Protein aggregation is a process in which identical proteins self-associate into imperfectly ordered macroscopic entities. Such aggregates are generally classified as amorphous, lacking any long-range order, or highly ordered fibrils. Protein fibrils can be composed of native globular molecules, such as the hemoglobin molecules in sickle-cell fibrils, or can be reorganized β-sheet–rich aggregates, termed amyloid-like fibrils. Amyloid fibrils are associated with several pathological conditions in humans, including Alzheimer disease and diabetes type II. We studied the structure of bacterial inclusion bodies, which have been believed to belong to the amorphous class of aggregates. We demonstrate that all three in vivo-derived inclusion bodies studied are amyloid-like and comprised of amino-acid sequence-specific cross-β structure. These findings suggest that inclusion bodies are structured, that amyloid formation is an omnipresent process both in eukaryotes and prokaryotes, and that amino acid sequences evolve to avoid the amyloid conformation.
Protein aggregation is a process by which identical proteins self-associate into imperfectly ordered macroscopic entities. Such aggregates are associated with several pathological conditions in humans, including Alzheimer disease, Parkinson disease, and diabetes type II. Furthermore, protein aggregation is a major concern in the biotechnological production of recombinant proteins and the storage of proteins, and is a central mechanism of protein folding. In general, two classes of protein aggregates are classified: first, highly ordered aggregates can be composed of native globular molecules, such as the hemoglobin molecules in sickle-cell fibrils, or reorganized into β-sheet–rich aggregates, termed amyloid-like fibrils; and second, amorphous aggregates that lack any long-range order. Here, we demonstrate that bacterial inclusion bodies, which have been believed to be made up of amorphous aggregates, are in fact amyloid-like, comprising cross-β structure that is dependent on amino-acid sequence. These findings suggest that inclusion bodies are structured, that amyloid formation is a process present in both eukaryotes and prokaryotes, that amino acid sequences can evolve to avoid the amyloid conformation, and that there might be no amorphous state of a protein aggregate.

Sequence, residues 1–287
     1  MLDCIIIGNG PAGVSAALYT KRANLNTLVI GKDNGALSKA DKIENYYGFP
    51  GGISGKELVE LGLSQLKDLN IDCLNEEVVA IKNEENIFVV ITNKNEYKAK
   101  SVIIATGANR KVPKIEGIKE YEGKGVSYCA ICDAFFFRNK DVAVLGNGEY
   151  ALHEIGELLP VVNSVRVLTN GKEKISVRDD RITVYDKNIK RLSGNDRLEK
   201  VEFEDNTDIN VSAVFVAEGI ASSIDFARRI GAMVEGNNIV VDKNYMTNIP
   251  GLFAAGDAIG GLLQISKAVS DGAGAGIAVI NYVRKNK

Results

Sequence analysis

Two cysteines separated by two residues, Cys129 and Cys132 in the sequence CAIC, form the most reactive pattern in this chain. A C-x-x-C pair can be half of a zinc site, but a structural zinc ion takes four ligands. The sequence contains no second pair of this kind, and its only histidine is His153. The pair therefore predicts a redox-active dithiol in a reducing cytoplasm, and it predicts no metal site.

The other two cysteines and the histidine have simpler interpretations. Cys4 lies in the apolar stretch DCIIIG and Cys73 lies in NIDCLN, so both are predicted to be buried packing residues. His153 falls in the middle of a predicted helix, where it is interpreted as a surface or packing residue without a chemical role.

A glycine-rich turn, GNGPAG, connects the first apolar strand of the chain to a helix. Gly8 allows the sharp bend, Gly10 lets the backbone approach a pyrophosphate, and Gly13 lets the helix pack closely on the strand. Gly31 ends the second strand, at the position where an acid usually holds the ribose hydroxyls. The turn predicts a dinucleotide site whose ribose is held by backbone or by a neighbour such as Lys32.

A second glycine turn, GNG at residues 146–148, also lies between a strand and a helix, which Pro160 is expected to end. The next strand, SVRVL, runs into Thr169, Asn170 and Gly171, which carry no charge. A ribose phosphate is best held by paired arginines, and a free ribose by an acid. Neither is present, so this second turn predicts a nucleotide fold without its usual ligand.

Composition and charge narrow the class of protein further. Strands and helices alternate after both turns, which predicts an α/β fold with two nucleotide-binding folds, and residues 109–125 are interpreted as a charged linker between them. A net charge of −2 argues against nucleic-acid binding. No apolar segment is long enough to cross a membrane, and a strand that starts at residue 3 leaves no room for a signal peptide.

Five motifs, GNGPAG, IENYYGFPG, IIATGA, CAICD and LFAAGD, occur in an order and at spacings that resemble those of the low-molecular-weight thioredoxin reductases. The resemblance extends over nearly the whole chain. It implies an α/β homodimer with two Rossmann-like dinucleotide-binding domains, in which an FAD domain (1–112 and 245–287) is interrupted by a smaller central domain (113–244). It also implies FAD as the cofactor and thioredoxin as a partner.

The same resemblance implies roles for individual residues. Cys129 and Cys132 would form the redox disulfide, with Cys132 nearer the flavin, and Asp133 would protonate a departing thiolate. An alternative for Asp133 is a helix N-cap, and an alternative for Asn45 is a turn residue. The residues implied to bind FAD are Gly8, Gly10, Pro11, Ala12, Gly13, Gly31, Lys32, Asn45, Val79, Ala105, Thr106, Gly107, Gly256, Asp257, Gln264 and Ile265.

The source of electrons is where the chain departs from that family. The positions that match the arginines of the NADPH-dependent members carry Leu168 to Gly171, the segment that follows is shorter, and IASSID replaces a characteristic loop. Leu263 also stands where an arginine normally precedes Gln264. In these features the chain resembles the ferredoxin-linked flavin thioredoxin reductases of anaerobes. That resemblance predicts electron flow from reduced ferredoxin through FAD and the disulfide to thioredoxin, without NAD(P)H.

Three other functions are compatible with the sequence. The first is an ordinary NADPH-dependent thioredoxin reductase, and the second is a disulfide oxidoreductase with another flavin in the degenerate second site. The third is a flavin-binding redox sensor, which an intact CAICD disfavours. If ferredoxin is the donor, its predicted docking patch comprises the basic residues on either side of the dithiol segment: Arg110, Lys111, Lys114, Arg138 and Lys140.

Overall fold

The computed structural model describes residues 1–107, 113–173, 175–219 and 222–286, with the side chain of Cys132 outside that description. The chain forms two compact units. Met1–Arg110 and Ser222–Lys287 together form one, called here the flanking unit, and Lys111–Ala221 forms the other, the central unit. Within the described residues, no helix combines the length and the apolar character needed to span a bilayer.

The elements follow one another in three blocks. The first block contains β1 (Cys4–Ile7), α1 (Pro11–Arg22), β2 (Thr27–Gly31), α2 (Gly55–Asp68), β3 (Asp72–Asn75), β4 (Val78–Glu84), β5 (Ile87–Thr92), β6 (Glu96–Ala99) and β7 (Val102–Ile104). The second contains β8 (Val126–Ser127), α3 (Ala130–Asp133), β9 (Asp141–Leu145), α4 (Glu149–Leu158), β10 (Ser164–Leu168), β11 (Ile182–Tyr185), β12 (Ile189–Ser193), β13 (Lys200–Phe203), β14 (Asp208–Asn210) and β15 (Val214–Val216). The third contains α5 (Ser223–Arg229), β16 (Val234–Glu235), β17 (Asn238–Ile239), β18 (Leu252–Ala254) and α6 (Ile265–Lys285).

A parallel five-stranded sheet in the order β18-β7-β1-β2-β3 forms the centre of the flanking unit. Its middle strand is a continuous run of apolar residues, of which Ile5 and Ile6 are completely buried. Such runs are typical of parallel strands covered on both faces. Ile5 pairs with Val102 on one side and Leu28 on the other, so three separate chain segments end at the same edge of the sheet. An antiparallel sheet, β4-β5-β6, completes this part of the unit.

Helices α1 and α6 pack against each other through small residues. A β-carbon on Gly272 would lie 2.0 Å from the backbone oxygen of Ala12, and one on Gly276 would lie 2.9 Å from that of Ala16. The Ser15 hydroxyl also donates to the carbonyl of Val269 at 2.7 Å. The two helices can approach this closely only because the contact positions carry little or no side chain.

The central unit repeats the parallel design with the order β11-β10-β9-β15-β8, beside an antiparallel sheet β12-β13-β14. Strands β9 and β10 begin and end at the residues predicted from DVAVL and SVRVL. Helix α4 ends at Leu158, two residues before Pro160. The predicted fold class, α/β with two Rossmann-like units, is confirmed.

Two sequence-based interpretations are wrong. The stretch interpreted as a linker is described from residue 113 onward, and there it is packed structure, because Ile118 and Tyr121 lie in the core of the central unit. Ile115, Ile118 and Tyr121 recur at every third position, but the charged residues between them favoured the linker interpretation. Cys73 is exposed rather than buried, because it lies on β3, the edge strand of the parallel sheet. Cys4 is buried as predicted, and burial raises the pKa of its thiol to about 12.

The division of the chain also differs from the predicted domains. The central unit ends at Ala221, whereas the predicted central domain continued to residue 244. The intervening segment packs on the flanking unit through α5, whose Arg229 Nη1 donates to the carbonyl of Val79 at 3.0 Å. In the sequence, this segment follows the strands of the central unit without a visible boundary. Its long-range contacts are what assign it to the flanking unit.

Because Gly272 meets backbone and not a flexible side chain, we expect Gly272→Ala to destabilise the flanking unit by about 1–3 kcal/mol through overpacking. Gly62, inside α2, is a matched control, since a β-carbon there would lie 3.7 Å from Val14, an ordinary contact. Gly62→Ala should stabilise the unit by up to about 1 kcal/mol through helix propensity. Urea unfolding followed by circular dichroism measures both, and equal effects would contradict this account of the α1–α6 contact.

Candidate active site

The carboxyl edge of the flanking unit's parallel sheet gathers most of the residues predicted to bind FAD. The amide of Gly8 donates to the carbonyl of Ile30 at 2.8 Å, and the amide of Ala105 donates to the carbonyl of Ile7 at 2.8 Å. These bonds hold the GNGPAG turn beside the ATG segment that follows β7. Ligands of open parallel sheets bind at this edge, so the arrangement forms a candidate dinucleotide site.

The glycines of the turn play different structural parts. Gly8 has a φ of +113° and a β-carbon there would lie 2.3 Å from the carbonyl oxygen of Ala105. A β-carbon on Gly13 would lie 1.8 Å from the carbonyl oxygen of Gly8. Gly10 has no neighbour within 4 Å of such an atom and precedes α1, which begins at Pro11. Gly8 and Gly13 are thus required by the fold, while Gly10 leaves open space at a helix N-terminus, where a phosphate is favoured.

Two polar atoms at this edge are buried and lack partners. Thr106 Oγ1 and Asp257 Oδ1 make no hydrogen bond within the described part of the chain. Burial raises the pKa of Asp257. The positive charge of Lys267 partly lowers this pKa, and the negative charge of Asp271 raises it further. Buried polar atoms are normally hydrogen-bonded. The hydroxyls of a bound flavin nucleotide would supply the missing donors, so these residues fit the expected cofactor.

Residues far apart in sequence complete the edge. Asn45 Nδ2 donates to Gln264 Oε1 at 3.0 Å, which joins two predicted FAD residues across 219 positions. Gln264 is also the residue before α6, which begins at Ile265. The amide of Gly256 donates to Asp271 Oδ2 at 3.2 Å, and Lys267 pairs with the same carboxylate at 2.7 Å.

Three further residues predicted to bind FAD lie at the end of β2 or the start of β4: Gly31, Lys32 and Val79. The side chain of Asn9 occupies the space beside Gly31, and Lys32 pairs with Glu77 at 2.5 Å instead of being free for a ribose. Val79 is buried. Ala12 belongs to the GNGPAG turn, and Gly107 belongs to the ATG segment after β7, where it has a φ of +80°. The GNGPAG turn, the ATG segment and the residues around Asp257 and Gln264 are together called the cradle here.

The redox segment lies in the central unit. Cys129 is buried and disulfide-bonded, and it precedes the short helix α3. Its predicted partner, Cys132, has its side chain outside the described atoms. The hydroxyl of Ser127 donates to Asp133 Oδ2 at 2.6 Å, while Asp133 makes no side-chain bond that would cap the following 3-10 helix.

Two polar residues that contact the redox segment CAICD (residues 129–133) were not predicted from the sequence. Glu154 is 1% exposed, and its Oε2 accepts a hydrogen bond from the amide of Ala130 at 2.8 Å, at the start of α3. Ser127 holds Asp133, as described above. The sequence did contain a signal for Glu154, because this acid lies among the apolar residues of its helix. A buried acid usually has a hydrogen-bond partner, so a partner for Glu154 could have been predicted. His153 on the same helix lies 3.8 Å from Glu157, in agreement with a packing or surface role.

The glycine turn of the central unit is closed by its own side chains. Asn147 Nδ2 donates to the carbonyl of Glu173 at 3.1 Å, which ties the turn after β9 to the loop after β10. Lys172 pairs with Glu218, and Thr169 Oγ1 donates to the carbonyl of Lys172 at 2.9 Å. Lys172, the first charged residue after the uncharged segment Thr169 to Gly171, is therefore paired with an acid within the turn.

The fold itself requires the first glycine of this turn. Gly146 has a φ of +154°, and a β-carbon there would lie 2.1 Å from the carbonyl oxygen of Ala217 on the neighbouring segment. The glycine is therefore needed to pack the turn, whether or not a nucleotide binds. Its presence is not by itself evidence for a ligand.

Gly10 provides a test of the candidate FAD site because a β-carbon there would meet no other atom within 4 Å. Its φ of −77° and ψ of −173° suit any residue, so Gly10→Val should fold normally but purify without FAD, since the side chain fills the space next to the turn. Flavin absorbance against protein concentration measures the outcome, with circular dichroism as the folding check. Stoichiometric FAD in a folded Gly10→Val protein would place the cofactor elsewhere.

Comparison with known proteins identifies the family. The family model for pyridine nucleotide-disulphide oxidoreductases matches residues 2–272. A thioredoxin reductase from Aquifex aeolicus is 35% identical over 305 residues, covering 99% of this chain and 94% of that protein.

Citation: Wang L, Maji SK, Sawaya MR, Eisenberg D, Riek R (2008) Bacterial Inclusion Bodies Contain Amyloid-Like Structure. PLoS Biol 6(8): e195. doi:10.1371/journal.pbio.0060195
Academic Editor: Jonathan S. Weissman, University of California, San Francisco, United States of America
Received: December 26, 2007; Accepted: June 25, 2008; Published: August 5, 2008
Copyright: © 2008 Wang et al. This is an open-access article distributed under the terms of the Creative Commons Attribution License, which permits unrestricted use, distribution, and reproduction in any medium, provided the original author and source are credited.
Funding: RR is a Pew scholar and DE is an Investigator of the Howard Hughes Medical Institute. This research was supported in part by grants from the National Institutes of Health and the Swiss National Science Foundation.
Competing interests: The authors have declared that no competing interests exist.
Abbreviations: CD, circular dichroism; CR, Congo red; DTT, dithiothreitol; ECD, extracellular domain; EM, electron microscopy; H/D, hydrogen/deuterium; MOG, myelin oligodendrocyte glycoprotein; NMR, nuclear magnetic resonance; TFA, trifluoroacetic acid; Thio T, thioflavin T